Pacific Islanders’ Cholesterol Levels on Various Dietary Oils:

Butter 213 mg/dl (5.61 IU)

Coconut 208 mg/dl (5.47 IU)

Safflower 194 mg/dl (5.10 IU)

In another study on 83 people, coconut oil was found to raise cholesterol by 10% when coconut oil supplied about 75% of calories – now that is a high fat diet.4

Weight Loss and Coconut

Medium chained fats, like those found in coconut oils, are promoted for their ability to increase energy expenditure and to improve appetite satisfaction—resulting in weight loss.5 Coconut oil is 100% fat that the body will store effortlessly. The original purpose of this fat is to supply energy for the sprouting nut so that it can begin growing into a tree. This same concentrated energy is effortlessly stored into your body fat as the “metabolic dollar” to be spent the day food is no longer available (hasn’t happened yet).

McDougall’s Thoughts:

My conclusion is that coconut is a natural plant food which can have a small place in most people’s diets. As a whole food the oils are combined with the fiber, vitamins, minerals, and other plant components in a way that makes them safe. When the oil is removed by processing from its natural surroundings then it becomes a medicine at best and a toxin at worst—just like other oils (corn oil removed from corn, olive oil removed from olives, etc.) The more processing— the worse the oil.

If you decide to include this high fat food in your diet; then realize that coconut is very rich, packed with calories and fats. You will likely gain weight if this becomes a big part of your diet. People with weight-dependent diseases, like type 2 diabetes and degenerative arthritis of the lower extremities should be very careful about including coconut in any form. Otherwise, as a condiment—like other nuts and seeds—coconut will add unique flavors to your meals and provide quality nutrients. Just think of it as a treat. Have you ever tried to open a coconut? One reason they are packaged in such hard shells may be to keep people from eating too much of a good thing.


1) Mangiapane EH, McAteer MA, Benson GM, White DA, Salter AM. Modulation of the regression of atherosclerosis in the hamster by dietary lipids: comparison of coconut oil and olive oil. Br J Nutr. 1999 Nov;82(5):401-9.

2) Cox C, Sutherland W, Mann J, de Jong S, Chisholm A, Skeaff M. Effects of dietary coconut oil, butter and safflower oil on plasma lipids, lipoproteins and lathosterol levels. Eur J Clin Nutr. 1998 Sep;52(9):650-4.

3) Nevin KG, Rajamohan T. Beneficial effects of virgin coconut oil on lipid parameters and in vitro LDL oxidation. Clin Biochem. 2004 Sep;37(9):830-5.

4) Ng TK, Hassan K, Lim JB, Lye MS, Ishak R. Nonhypercholesterolemic effects of a palm-oil diet in Malaysian volunteers. Am J Clin Nutr. 1991 Apr;53(4 Suppl):1015S-1020S.

5) St-Onge MP, Jones PJ. Physiological effects of medium-chain triglycerides: potential agents in the prevention of obesity. J Nutr. 2002 Mar;132(3):329-32.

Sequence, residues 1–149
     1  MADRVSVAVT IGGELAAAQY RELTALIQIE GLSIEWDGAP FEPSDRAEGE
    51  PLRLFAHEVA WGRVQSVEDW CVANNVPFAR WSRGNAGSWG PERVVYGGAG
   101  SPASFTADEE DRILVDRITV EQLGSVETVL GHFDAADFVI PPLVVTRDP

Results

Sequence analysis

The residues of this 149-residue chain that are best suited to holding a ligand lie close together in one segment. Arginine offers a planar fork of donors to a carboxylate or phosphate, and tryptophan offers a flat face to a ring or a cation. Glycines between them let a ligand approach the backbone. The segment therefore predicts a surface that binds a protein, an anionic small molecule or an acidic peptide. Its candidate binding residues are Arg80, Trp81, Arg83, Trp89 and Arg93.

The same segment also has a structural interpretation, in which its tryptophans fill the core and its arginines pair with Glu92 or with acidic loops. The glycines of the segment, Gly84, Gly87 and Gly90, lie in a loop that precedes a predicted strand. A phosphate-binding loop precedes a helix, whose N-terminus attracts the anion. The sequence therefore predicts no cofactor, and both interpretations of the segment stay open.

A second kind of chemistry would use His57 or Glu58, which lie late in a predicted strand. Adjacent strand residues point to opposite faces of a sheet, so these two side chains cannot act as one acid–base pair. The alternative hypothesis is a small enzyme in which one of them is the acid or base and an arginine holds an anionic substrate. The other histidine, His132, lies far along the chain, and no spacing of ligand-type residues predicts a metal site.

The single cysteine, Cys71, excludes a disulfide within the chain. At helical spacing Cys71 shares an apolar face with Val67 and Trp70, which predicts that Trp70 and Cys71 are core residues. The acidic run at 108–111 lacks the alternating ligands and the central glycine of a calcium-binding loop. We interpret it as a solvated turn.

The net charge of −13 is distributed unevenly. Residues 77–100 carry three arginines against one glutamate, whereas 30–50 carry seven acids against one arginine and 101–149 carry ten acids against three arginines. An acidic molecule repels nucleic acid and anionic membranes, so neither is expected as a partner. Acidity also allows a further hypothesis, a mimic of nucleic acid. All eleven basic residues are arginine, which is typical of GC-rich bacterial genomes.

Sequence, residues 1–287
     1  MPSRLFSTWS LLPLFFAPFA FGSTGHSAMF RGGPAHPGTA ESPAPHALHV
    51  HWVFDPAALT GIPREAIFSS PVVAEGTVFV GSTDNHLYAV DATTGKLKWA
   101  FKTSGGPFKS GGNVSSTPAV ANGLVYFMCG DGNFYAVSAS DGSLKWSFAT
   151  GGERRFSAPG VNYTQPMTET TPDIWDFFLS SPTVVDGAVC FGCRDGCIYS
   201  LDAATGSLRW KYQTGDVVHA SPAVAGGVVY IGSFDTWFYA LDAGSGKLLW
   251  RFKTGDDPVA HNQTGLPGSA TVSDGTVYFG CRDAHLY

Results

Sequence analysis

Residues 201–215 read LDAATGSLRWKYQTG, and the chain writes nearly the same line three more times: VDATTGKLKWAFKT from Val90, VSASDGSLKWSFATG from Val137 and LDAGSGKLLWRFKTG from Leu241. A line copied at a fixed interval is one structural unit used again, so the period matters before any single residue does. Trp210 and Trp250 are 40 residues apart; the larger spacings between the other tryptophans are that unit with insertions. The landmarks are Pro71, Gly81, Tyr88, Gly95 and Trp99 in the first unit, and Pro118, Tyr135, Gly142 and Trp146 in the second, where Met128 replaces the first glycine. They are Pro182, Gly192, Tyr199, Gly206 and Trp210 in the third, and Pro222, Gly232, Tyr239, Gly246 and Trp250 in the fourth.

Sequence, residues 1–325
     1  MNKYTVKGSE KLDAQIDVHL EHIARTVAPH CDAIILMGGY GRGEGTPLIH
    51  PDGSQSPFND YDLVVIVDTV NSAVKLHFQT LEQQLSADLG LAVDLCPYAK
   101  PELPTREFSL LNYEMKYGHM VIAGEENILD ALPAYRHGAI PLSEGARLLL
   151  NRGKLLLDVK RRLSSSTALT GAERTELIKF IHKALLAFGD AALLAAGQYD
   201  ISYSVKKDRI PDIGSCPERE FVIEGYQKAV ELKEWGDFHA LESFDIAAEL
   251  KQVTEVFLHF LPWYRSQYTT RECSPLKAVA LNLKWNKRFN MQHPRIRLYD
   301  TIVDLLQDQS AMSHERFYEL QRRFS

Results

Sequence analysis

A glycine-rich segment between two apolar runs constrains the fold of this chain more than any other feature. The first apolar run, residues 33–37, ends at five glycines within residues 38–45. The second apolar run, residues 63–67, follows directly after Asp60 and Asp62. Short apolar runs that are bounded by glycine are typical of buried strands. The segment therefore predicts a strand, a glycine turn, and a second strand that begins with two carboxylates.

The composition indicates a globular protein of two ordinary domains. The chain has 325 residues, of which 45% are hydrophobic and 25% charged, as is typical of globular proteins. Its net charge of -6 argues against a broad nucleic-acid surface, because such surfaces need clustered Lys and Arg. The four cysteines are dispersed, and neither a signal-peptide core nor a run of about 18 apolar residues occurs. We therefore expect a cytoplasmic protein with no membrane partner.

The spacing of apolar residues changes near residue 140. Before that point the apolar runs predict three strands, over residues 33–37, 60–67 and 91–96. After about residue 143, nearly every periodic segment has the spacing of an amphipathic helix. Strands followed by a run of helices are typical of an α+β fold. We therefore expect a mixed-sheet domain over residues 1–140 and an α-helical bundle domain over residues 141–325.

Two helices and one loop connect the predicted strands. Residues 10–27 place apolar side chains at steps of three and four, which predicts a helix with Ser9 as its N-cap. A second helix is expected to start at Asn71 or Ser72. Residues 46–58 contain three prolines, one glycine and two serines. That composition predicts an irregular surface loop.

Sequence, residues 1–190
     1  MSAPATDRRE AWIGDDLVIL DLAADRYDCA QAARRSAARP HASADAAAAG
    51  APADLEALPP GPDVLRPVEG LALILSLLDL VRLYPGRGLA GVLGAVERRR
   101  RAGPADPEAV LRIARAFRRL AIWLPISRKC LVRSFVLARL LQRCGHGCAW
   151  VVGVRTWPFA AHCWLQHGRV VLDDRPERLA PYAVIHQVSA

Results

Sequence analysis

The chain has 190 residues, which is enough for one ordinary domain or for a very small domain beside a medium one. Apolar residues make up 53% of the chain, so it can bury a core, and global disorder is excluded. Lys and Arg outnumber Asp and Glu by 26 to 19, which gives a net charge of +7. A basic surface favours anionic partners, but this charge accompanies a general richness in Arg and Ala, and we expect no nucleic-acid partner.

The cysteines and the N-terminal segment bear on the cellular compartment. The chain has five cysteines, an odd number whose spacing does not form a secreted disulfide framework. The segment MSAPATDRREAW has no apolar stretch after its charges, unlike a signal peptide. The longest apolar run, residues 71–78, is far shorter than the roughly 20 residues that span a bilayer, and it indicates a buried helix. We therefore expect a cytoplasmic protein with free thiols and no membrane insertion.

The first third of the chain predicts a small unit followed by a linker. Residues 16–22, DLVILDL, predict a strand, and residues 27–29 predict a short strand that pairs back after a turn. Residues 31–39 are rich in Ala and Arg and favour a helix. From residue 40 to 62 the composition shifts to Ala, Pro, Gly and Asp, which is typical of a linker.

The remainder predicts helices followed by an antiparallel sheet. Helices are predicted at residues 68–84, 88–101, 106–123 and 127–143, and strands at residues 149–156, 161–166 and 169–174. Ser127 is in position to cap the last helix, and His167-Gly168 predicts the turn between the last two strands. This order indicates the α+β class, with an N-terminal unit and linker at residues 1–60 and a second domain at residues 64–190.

From Jeff Novick:

Jaggu wrote:
Hi Jeff,

I have read Dr McDougall and others such as Dr Esslysten talk about not using a drop of oil especially for those who have had heart diease and want to reverse it.

I understand that some oils may contain saturated fat which is bad as it gets converted into Cholesterol. Oils are also high in calories so it will be difficult to maintain healthy weight at the same time keep consuming oil which is high in fat (1 tbsp = 14 g = 140 Calories)

Now what if if someone is consuming oils which are very low in saturated fat and high in mono and polyunsaturated fat and used in a very low quantity such as say less than a tbsp?


My question to you is, why oil?

Due to very effective marketing and advertising, we have become convinced that oil is not only a food, but a health food. This is crazy. To be a food, something must be able to support healthy life and be of some benefit.

Oil is a highly refined processed and extracted food "product". It has no protein or essential amino acids (which we need), it has no carbohydrates, or sugars (which we need), it has no fiber (which we need), it has no minerals (which we need) and has virtually no vitamins (which we need) except for a small amount of Vit E and some phytosterols.

But, on the other hand, it is pure fat and the most calorie dense food on the planet. While all oils have a mixture of mono, poly and saturated fat, most oils are very low in the essential fat omega 3 (which some of us may need more of), very high in the omega 6 (which most of us need to lower) and most oils also have high ratios of omega 6 to omega 3 (which most all of us need to lower).

So, basically you are getting lots of calories (oils has almost 2.5 x more calorie per TB than sugar). lots of omega 6s, some saturated fat (depending on the oil) and virtually no nutrients.

The definition of a junk food is a food that is high in calories (and/or fat, sugar, salt) and has little if any nutrient value at all.

IMHO (and by definition), Oil, is more of a junk food than sugar. And, I hope that in a few years, we will all come to understand it and see it, as such.

Jaggu wrote: